The Right to Fail

Posted on September 16, 2018


We all have rights as American citizens. Just ask any “sea lawyer” as we used to call know-it-alls in the Navy.

But we have failed to provide in the Constitution for one of the most fundamental rights: the right to fail.

Let’s explore this a bit since that sounds kind of negative. It’s not.

We have undermined that right so much that people think they can’t or won’t fail because government in one form or another will always be there to save them from themselves.

I’m not blaming the Founding Fathers for failing to include the right to fail in the Constitution. They took it for granted that if it wasn’t for failure we would never learn or move forward.

There are always risks involved of course. If the American Revolution had failed and the British knocked Washington and his allies the French and Spanish to their knees and surrender, we may well have evolved as Canada did.

I am not knocking our wonderful neighbors to the north, but we have some different traditions that arose because we were successful in the American Revolution. The British failed, but they learned from their failure and eventually Americans and Brits embraced in the twentieth century and saved the world from tyrannies and fascists.

Failing can be analyzed for its great benefits from both a personal and corporate or national point of view. This analysis is somewhat counterintuitive. That is to say, it goes against what prevails as “common sense.” Who wants to fail? Nobody!

I taught at a school known for football for my entire teaching career. And the Coach who put UA on the football map was Paul Bear Bryant who famously summed up his philosophy with “I ain’t never been nothing but a winner.”

Grammatically it kind of jars, but it catches a truth. Bear loved to win. But his devotion and skills at winning, motivating young men to do more than they thought they could, was sharpened by losing, by failing to win. He was a winner not because he knew how to lose, but he knew how to learn from his loses.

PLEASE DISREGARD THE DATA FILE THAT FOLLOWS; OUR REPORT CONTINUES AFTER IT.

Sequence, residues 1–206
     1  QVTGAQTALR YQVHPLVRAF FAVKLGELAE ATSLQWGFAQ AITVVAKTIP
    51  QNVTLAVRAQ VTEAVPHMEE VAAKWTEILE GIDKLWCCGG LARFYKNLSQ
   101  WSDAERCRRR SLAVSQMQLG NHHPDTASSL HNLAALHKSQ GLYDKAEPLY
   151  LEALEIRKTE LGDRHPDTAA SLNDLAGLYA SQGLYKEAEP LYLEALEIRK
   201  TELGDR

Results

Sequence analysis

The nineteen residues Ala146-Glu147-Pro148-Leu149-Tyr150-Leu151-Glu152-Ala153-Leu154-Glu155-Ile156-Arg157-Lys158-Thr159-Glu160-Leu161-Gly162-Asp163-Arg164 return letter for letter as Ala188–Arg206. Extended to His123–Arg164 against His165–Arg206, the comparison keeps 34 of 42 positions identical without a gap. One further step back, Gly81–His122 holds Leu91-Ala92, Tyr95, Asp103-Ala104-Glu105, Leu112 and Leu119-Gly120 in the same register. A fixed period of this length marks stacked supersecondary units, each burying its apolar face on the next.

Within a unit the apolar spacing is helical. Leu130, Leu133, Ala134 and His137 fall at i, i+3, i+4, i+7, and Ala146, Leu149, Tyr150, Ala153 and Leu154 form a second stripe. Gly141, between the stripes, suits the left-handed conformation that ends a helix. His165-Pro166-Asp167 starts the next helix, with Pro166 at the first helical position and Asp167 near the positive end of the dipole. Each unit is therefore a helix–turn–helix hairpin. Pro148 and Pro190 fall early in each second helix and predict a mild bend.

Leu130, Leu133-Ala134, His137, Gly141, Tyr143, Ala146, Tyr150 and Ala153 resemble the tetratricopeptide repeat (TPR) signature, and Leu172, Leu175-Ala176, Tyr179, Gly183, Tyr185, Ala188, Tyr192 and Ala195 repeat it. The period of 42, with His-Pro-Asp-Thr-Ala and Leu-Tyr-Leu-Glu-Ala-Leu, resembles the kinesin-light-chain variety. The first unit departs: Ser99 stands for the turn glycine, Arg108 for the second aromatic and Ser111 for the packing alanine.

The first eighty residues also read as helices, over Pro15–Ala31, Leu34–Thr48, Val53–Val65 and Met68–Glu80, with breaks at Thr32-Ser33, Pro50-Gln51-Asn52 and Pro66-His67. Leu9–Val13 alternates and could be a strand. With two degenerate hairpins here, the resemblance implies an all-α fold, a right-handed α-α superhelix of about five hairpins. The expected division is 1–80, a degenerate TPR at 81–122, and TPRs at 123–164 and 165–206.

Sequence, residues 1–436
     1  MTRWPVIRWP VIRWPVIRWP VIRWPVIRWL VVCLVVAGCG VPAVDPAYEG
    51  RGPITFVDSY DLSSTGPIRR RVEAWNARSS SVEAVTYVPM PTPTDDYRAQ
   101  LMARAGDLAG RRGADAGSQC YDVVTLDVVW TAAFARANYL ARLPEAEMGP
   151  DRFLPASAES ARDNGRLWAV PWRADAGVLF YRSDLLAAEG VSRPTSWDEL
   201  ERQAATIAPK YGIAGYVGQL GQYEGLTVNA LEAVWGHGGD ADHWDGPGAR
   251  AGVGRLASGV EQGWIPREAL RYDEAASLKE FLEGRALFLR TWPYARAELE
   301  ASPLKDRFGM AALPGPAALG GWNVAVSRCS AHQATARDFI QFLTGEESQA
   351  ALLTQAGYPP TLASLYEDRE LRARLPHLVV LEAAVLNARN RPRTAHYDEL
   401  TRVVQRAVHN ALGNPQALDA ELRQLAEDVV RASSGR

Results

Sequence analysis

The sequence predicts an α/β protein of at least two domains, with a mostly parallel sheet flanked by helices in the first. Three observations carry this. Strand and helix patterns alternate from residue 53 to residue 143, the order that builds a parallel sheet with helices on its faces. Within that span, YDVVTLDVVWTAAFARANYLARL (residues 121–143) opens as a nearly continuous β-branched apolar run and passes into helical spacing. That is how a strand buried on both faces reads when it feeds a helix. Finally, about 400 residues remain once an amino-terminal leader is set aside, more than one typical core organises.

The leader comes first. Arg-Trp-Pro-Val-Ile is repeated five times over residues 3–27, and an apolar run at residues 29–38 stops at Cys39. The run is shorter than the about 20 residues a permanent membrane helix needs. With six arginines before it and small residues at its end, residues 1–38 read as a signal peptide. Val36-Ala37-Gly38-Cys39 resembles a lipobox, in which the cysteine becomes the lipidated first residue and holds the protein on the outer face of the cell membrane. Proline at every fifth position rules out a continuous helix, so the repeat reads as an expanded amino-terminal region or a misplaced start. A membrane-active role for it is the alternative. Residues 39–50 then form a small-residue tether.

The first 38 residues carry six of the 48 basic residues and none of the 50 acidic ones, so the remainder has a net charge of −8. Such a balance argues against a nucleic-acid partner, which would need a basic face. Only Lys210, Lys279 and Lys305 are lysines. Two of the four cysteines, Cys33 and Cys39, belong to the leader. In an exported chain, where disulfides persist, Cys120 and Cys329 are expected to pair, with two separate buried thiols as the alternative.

Or as Dale Carnegie put it, “Develop success from failures. Discouragement and failure are two of the surest stepping stones to success.”

Let me give this thought another push. One of the greatest English generals in World War II, Bernard Law Montgomery, expressed it this way: “I was well beaten myself, and I am better for it.”

“Kites rise highest against the wind,” Winston Churchill observed, “not with it.” I liked that one. It captures the duality of the issue. Loses and successes as two sides of the same coin. You can’t have one without the other.

Henry Ford expressed it well. “Failure is only the opportunity to begin again, only this time more wisely.” Colin Powell added, “there are no secrets to success. It is the result of preparation, hard work and learning from failure.”

We can beat this drum until one tires of hearing it. Reading it might make one think, “this guy must crave failure so he can later have his successes and victories.” Nothing could be further from the truth. But failures are a part of life.

Years ago, I struggled my last year in college to make good enough grades to graduate in time. That’s four years for all of you on the five or six-year plan. I had almost gone under my first semester senior year, failing French 101, barely passing Comparative Anatomy, and scoring a few B’s in history to limp into the final semester.

I wrote myself a note, long since lost in many moves, a fire, etc. But I told myself, learn from this you dummy. Read the requirements of your courses. DO the work; don’t put it off. You can do this.  I lifted myself up by my own bootstraps, learned the ignominy of just wiggling along, almost failing, or actually failing a course, and making failure a signal turning point in turning around.

I graduated on time, even with a three point something when my average grades were usually 2.0-2.5, long before grade inflation and other factors made a joke of grades.

I’m not bragging, but it sure felt better than the grade report at the end of the fall semester. Besides, the French instructor was a snob from Paris and he didn’t like me. Bear probably had lots of coaches who didn’t like him either but winning sure beat loosing.

Published as “The right to fail should have been in the Constitution,” in The Tuscaloosa News, Sunday Aug. 5, 2018